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Japan: Govt to Help Transportation Services Introduce Reforms
Source: http://the-japan-news.com
Source Date: Saturday, July 01, 2017
Focus: Knowledge Management in Government, Institution and HR Management
Country: Japan
Created: Jul 07, 2017

The government plans to help the transportation industry resolve labor shortage problems, having established a cross-ministry and agency study panel at the end of June to tackle the issue.
This autumn, the government aims to compile an action plan that will include measures to improve conditions for drivers of transportation firms, who often have to work excessively long hours.
The government hopes the efforts of the panel will lead to a reform of labor practices in the industry.
Chaired by Deputy Chief Cabinet Secretary Kotaro Nogami, the study panel includes members from the Land, Infrastructure, Transport and Tourism Ministry; the Economy, Trade and Industry Ministry; and the Health, Labor and Welfare Ministry.
The study panel will examine two major industry issues: how to secure human resources and how to improve productivity.
The government aims to introduce policies put forward by the panel, possibly within the next five years.
Currently, the percentage of female drivers in the transportation industry is only about 2 percent, so there is scope to attract more women to the labor force.
The action plan will include practical measures to make it easier for women raising children to work as drivers. For example, establishing day care centers for children in transport company office buildings and encouraging firms to hire more short-haul drivers.
In reality, the many small and midsize companies in the industry do not have the resources to train drivers. To secure labor, the government will consider subsidizing the costs of getting a driver’s license for large vehicles that carry passengers for business purposes.
The government will also provide financial aid to companies that reduce staff workloads by having multiple drivers share duties on long-haul journeys. Firms that jointly operate transportation services to carry cargo more efficiently will also benefit from subsidies.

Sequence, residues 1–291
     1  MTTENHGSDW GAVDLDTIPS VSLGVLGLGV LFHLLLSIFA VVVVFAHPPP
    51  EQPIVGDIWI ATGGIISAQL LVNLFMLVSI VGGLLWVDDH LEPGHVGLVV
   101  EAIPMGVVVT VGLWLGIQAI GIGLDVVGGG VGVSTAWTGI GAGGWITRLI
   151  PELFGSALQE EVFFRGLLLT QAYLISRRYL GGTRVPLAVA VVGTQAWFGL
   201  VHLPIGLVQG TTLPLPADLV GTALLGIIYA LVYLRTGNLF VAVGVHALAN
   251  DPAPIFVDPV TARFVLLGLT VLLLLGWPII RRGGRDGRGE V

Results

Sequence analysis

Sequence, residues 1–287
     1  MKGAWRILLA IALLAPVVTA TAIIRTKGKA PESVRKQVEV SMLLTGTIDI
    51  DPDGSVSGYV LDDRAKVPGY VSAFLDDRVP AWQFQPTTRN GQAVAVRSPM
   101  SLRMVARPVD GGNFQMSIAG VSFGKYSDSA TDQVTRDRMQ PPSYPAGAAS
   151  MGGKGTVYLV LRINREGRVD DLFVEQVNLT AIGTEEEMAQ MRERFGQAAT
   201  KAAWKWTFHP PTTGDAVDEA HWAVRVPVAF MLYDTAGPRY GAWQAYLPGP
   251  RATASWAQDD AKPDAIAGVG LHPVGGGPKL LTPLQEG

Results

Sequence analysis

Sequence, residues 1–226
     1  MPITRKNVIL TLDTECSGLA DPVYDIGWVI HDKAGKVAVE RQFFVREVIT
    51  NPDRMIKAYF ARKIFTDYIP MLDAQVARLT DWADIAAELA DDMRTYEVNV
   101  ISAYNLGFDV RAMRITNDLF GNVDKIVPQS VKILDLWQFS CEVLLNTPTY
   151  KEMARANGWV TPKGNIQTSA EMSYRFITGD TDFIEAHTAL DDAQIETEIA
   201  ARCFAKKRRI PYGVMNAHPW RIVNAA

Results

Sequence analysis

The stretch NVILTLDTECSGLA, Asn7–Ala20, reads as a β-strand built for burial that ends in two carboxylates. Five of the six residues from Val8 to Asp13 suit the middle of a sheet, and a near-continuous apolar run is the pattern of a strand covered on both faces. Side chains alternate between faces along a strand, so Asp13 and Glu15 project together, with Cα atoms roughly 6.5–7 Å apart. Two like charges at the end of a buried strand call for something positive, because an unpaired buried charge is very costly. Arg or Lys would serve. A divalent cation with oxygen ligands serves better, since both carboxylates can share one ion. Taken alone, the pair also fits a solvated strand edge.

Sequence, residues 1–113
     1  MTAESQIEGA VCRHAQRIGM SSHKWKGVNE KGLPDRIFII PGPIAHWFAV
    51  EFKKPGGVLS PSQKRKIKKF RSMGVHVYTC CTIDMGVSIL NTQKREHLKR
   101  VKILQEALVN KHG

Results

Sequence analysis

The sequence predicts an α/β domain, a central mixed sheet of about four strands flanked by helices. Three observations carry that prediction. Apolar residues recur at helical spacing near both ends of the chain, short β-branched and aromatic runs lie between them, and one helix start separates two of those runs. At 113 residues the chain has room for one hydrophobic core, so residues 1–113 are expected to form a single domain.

If time spent packing or sorting items for delivery in warehouses and other facilities is prolonged, drivers sometimes have idle periods while they are waiting for their cargo to be prepared. 
Therefore, the government will promote the use of information technology that would allow transportation firms to accurately monitor processes in facilities, such as warehouses, with the aim of reducing standby time.
The study panel will discuss assistance measures for not only trucking companies but also bus transportation and taxi companies.
If new or revised legislation is necessary to implement the measures, the government will aim to submit related bills in next year’s ordinary Diet session.
With the proliferation of online shopping services, cargo volumes handled by home delivery service companies have been increasing sharply.
The number of parcels handled by Yamato Transport Co. — the nation’s largest home delivery company — reached about 1.9 billion in fiscal 2016, its highest level ever. The company entrusted transportation of parcels it could not handle to other delivery companies.
Yamato Transport and Sagawa Express Co. have taken steps to address these changes, including raising their transportation service fees.
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